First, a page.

Latex and non-latex
The majority of condoms are made from two types of latex:
Natural rubber latex
Latex condoms weaken and damage easily when they come into contact with oil-based lubricants and other substances such as baby oil, mineral oil, suntan lotion, cooking oil, baby oil, petroleum jelly, cold creams, skin lotions and, bringing up the rear so to speak, butter or margarine.
A type of plastic (eg: polyisprene and polyurethane) which doesn't irritate people with latex allergies. Though less stretchy than natural rubber latex, synthetic latex condoms can be very thin and be used with oil based lubricants.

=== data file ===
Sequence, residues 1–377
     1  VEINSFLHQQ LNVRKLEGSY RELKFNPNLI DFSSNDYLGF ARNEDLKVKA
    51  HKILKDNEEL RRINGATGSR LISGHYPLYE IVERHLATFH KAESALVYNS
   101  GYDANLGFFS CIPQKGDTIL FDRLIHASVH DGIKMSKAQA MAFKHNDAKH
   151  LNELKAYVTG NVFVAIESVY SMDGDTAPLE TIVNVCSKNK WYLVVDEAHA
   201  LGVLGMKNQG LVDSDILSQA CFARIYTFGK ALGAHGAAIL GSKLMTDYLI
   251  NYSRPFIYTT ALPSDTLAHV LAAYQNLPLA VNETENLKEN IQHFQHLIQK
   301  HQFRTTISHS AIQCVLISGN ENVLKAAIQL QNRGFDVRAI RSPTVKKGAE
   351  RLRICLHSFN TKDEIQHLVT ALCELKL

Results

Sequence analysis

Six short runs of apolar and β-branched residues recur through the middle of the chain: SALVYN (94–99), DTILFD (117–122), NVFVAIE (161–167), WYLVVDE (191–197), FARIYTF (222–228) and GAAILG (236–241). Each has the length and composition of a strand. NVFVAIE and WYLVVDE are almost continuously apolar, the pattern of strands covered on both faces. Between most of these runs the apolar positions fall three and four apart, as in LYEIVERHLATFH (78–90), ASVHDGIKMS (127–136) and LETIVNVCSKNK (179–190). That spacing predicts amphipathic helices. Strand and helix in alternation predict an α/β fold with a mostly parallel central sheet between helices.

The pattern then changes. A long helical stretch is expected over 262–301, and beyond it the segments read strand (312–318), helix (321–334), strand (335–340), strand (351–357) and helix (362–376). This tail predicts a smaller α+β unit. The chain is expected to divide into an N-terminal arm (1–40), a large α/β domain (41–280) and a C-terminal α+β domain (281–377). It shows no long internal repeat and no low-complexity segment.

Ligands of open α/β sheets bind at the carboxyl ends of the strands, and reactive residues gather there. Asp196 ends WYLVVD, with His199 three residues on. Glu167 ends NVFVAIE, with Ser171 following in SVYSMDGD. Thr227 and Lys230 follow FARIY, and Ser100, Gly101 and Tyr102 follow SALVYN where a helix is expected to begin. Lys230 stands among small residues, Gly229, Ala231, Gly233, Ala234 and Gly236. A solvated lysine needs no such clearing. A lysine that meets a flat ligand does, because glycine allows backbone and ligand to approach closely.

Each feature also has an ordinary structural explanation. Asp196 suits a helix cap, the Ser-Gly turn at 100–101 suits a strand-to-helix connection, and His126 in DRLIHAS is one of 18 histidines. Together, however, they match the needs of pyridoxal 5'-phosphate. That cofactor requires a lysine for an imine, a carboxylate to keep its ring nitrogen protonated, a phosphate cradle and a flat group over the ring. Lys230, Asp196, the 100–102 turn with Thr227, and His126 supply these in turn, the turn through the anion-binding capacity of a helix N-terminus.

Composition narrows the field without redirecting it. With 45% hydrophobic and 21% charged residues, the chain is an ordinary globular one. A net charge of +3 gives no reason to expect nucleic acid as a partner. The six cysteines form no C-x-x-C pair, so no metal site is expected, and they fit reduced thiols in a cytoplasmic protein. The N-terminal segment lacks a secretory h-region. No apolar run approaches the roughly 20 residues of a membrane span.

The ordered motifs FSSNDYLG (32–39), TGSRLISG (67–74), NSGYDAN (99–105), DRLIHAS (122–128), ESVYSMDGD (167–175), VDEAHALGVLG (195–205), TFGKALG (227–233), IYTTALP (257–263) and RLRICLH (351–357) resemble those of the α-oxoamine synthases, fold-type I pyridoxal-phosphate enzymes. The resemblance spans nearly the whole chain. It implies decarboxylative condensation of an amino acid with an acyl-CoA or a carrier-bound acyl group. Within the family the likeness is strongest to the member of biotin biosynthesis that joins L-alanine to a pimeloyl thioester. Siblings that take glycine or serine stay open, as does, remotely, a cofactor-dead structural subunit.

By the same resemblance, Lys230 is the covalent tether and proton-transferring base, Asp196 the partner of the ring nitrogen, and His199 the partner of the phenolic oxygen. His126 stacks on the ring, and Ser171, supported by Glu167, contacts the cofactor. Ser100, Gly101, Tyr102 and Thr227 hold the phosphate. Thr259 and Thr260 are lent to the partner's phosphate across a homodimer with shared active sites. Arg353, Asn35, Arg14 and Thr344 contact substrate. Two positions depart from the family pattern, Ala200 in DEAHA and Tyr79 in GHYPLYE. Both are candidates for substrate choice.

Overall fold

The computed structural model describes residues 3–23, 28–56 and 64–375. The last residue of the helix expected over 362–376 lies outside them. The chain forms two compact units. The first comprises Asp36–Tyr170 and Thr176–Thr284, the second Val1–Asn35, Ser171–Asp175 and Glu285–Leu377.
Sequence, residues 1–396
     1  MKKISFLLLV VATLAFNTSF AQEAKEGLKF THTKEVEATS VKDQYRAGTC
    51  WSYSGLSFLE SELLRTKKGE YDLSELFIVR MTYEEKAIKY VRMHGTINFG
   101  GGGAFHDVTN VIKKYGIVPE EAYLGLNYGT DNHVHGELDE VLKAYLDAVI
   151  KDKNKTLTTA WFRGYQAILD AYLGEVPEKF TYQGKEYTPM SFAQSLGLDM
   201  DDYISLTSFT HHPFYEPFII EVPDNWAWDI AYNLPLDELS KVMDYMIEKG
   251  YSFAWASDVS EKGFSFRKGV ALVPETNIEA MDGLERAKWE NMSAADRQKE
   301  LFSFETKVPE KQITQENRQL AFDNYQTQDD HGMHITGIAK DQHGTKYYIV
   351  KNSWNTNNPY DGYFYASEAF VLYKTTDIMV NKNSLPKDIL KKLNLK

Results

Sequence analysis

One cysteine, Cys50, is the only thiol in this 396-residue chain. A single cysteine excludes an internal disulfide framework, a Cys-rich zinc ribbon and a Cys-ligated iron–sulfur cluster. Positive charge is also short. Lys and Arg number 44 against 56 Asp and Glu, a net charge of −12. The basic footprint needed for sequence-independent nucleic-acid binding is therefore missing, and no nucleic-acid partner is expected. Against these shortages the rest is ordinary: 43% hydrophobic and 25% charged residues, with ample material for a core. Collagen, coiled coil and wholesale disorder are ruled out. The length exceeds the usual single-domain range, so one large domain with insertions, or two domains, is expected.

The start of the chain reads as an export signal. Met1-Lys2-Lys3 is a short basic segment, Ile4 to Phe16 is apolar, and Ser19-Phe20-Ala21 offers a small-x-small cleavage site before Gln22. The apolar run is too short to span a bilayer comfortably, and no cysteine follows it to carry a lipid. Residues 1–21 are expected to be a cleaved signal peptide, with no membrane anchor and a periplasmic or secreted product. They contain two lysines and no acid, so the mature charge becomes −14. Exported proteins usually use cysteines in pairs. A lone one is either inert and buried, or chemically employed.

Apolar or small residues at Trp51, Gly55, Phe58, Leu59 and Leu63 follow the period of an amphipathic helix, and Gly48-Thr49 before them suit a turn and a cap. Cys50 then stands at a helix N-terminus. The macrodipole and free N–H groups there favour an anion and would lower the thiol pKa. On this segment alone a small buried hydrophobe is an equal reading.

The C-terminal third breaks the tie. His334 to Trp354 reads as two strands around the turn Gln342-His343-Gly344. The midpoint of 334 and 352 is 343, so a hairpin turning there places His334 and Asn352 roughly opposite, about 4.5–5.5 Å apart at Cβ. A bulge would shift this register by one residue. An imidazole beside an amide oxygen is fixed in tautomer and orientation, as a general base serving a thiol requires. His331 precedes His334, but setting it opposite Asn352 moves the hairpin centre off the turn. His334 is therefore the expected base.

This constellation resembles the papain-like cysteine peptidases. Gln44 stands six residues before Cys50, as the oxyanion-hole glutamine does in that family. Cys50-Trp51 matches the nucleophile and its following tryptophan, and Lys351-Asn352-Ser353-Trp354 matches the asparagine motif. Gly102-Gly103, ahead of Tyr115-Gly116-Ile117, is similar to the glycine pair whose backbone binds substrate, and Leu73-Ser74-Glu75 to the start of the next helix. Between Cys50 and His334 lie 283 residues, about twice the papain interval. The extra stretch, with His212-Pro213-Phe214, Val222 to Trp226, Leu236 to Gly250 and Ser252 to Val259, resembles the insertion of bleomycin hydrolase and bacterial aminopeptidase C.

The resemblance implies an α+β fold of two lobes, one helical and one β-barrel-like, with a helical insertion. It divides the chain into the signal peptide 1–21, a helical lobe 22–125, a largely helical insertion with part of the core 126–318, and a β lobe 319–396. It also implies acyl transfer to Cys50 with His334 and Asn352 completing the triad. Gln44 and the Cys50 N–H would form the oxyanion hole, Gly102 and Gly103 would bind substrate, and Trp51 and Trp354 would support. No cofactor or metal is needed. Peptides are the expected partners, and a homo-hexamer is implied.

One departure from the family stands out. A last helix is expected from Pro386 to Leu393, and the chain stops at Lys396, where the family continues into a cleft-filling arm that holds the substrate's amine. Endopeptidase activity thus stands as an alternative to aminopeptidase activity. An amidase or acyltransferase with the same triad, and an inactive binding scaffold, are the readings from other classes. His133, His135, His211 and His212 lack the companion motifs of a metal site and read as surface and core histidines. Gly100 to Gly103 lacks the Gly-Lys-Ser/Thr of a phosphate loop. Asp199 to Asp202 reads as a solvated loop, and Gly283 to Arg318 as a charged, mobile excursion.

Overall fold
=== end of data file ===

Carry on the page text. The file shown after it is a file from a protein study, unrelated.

An alternative to latex and non-latex condoms made from a thin layer of sheep cecum, a part of the intestine. We mention them because you may come across them but they DO NOT prevent the transmission of viral STIs including HIV and herpes. On the upside the lambskin condoms are effective against pregnancy, they don't trigger latex allergies, are biodegradable and can be used with oil-based lubricants.
Lambskin condoms | lambskincondoms.org
Vegan friendly condoms
New to the market, Glyde condoms come in several sizes, are made of natural rubber latex (with only natural and vegan colours and flavours) and are suitable for use with water based or silicone based lubricants.
Condoms suitable for vegans | Glyde Condoms↑ Back to top